I don't know what's going on with me lately, but I feel like the grief of losing my dad has finally caught up with me. It's been almost a year and a half since I received that awful phone call. I hesitate to blog about my dad because I don't want to upset my mom. I've thought about many blogs about my dad for months, but put off writing them for one reason or another. Hurt. Ache. Pain. Longing. Sadness. Tears.
For most of this time, I've been putting off accepting that he's really gone. It's not SUPER hard to do when you live 2,000 miles away. I don't know if I've ever told how it happened. It's very surreal. The last time I heard his voice, was in the background of a phone call when my mom called to say they were driving to Illinois to visit her sister. They had just got back from a Florida vacation, so I told her "Ok, but your NEXT trip had BETTER be to California!!"
My dad had to go back to Ohio to get ready for work and my mom stayed the rest of the week because her sister was having her 50th anniversary party that weekend. After a couple of days (unknown to me because we'd said she would just call me when they were back home) of my dad not answering the phone, my mom had to take further action. Long story short, my brother and his wife had to drive over to their house in the middle of the night in a blizzard, have the police break the door, and found him. He was in his favorite recliner, with the phone still on the receiver right next to him. They assured us that even if an EMT had been sitting on the couch when it happened, there would have been nothing they could have done.
I HATE when I get a phone call from a family member late at night or really early in the morning. It makes my heart skip a beat now. My call came late at night, and I can still hear my brother relaying the news. Just six months earlier I had hugged him goodbye in his hospital bed, one day post-colon cancer surgery. I had no idea it would be my last hug ever.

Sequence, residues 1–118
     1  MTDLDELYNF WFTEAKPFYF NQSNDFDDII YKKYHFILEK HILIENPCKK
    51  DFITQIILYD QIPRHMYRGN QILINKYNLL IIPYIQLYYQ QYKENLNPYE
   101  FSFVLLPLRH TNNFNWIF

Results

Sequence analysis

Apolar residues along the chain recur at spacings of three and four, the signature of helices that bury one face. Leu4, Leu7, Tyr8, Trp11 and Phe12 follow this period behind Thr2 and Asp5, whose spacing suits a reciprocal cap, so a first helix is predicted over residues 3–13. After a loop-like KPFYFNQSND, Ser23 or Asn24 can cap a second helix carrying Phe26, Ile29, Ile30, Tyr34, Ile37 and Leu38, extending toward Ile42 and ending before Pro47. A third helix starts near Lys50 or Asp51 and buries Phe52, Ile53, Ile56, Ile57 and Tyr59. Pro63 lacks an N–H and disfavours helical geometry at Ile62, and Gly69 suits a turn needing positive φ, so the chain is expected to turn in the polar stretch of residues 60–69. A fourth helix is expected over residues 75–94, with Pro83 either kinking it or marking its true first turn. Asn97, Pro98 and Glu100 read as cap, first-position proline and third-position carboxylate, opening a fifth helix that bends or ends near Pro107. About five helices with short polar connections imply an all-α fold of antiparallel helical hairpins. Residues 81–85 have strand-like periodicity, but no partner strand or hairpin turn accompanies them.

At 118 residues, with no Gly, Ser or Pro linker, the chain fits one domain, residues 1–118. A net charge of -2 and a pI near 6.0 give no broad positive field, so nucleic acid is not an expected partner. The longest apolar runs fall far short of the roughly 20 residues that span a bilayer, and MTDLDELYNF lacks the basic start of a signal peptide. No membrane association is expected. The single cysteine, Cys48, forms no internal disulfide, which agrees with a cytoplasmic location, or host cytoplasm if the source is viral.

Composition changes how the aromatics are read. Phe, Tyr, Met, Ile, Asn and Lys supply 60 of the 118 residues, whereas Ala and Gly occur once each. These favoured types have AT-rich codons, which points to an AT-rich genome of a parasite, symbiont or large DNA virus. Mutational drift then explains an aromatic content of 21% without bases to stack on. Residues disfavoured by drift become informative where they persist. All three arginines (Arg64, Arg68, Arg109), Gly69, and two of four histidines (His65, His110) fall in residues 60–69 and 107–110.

After the initial several months of grief, the physical symptoms of anxiety (couldn't lay on the couch and watch tv alone at night because that's what I was doing when my brother called; limbs going numb; shortness of breath) went away. I think in the time between then and now, I shut it out. I still realized he's fully gone, I was sad, but for some reason...I stopped crying. Like, ever. You know in the movie The Holiday when she hadn't cried for years, even when she tried? Yeah, that was me. Until now.
I've faced a bunch of challenges lately, just various "not-so-easy" things getting the Etsy shop open, pure exhaustion, and a few other things. The other day I typed "Doobie Brothers" into Pandora. My dad LOVED classic rock music. He was in his 20's in the 1970's so he was all into that kind of music. He recorded hours upon hours of music onto his reel-to-reels and that's what I grew up listening to as a child. He had a dog named Zeppelin before I was born. I guess the dog growled at my brother when he was a baby and my dad got rid of him right away.
Now I've moved into this stage of welcoming the sadness. It's a weird place to be, and I certainly don't welcome the fact that he's gone. Not at all. But I feel like I am finally accepting it, slowly. It really DID happen. I REALLY miss him. But the heartbreaking and heartwarming thing is that my new Doobie Brothers Pandora station makes me feel like I am watching him sing (terribly, by the way) at the top of his lungs. I remember those days he would break out his reel to reels fondly, and I feel connected to him. I realized two things through this station: 1. The aliens must have been working overtime in the 70's because there are a TON of album covers with ufo's and aliens on them (there's a REALLY funny story in UFO's and my dad too...for another time!), and 2. I know more lyrics to Eagle's music than any artist in the last ten years. Miss you daddy, meet you in the basement with the loud music. ;)